Almost half of all identity thefts in the U.S. are now stolen medical records, as reported by USA Today.

While breaches of credit card data may grab the headlines (like last year’s fiasco at Target stores), a stolen credit card number usually reflects fraud quickly and can be cancelled rapidly. By contrast, a single patient’s full electronic medical record (EMR) typically includes the “identity theft trifecta” — birth date, Social Security number and home address — as well as their detailed medical history, which can be discreetly used (over months or years) to bill bogus medical charges or obtain prescription drugs which are regularly trafficked on the black market. As a result, the estimated “street price” of stolen EMRs can now be as much as ten times higher than 16-digit credit cards.

Medical data is particularly vulnerable, because many healthcare organizations are still dependent on applications and equipment designed exclusively for Windows XP; Microsoft, however, officially discontinued all support (including security patches) over six months ago. Because of the wide range of technical devices spanning modern medicine, it’s harder for a hospital to upgrade its entire IT infrastructure around a new OS. Meanwhile, legions of malicious hackers around the world are searching for any exploitable flaw within that final update of XP.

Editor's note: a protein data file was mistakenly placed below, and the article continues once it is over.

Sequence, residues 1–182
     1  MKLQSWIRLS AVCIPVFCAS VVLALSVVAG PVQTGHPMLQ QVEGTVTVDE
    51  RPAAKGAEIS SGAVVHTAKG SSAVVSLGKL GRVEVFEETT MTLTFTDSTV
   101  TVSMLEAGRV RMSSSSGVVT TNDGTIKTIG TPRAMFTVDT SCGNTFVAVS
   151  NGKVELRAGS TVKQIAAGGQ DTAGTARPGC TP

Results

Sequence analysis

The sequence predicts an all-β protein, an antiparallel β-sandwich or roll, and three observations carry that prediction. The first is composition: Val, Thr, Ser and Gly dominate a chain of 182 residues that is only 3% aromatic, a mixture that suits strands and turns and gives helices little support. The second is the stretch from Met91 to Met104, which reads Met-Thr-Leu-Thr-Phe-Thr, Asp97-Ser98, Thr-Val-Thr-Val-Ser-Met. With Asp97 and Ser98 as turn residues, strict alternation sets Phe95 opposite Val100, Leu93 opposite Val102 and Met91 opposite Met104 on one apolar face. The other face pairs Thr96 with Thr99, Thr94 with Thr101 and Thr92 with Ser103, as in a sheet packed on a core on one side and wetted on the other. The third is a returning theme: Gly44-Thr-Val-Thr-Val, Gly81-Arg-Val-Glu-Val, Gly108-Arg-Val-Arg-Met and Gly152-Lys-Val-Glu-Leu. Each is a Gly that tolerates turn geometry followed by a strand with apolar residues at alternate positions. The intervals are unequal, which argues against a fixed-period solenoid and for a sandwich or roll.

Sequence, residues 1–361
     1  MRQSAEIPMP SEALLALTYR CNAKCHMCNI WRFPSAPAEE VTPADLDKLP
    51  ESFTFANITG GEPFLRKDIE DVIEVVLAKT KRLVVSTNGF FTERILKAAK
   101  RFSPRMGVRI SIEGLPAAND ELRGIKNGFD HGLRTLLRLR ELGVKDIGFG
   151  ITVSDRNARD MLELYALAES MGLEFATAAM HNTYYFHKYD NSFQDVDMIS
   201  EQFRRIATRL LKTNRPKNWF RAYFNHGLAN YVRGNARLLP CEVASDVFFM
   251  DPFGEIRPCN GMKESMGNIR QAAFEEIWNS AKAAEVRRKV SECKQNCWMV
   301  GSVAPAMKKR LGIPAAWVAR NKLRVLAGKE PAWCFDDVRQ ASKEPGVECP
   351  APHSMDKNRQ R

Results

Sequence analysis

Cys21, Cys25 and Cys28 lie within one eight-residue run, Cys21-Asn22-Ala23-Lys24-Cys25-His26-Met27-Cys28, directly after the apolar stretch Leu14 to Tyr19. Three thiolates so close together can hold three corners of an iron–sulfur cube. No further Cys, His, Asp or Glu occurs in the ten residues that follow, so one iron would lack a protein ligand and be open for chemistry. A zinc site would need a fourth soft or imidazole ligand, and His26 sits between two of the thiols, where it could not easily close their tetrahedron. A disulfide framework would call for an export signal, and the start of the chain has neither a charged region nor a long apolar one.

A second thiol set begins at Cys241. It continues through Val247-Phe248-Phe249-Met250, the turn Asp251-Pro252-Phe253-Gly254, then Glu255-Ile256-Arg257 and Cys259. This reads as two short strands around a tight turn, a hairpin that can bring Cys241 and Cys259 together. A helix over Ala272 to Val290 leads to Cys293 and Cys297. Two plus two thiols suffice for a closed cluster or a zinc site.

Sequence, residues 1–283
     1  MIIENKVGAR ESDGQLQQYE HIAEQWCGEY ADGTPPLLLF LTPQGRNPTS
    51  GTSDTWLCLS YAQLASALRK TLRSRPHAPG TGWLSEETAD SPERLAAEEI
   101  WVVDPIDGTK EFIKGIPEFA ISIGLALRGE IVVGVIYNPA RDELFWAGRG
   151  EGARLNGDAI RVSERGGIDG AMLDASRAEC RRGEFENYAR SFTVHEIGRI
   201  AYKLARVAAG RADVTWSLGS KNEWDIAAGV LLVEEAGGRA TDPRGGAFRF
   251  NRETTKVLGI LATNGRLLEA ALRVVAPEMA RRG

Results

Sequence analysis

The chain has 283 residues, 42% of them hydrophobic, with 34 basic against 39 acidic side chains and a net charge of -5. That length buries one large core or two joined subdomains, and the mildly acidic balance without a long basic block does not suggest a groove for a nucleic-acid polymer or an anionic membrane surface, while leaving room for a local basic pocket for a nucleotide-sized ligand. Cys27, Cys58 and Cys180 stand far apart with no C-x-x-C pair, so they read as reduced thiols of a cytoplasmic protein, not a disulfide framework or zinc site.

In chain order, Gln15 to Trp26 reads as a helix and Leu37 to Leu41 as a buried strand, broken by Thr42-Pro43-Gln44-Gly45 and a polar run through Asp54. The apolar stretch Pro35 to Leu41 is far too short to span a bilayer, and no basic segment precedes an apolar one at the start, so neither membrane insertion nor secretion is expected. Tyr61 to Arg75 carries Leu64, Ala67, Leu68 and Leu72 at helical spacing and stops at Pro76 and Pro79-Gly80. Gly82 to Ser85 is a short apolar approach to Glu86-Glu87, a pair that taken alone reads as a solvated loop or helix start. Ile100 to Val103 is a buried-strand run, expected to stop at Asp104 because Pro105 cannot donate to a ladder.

The first line of defense against medical data breaches is compliance with Title 2 of the Health Insurance Portability and Accountability Act of 1996 (HIPAA), which protects the privacy of specific patient data. While the technical safeguards mandated by HIPAA are outlined in this 17-page document from the Department of Health & Human Services (HHS), it places broad responsibility on the healthcare organization to devise “reasonable and appropriate” safety measures based upon the organization’s size and scope; a nationwide HMO (health maintenance organization) would require a different compliance program than a local dental practice.

What’s the real cost of sloppy HIPAA compliance or an all-out medical data breach? HHS can impose a civil fine ranging from $100 to $50,000 per incident, though total punitive class action damages could approach as much as $100 million, as currently faced by Tennessee-based Community Health Services after 4.5 million EMRs were reportedly hacked this past August. Or for any incident involving as few as 500 EMRs, it also could mean a permanent inclusion on HHS’s Breach Notification site, or what healthcare circles commonly refer to the “Wall of Shame.” In an age where consumers can easily monitor the online reputation of any business from a major retailer to a corner hot dog stand, a spot on the Wall of Shame may raise some anxiety.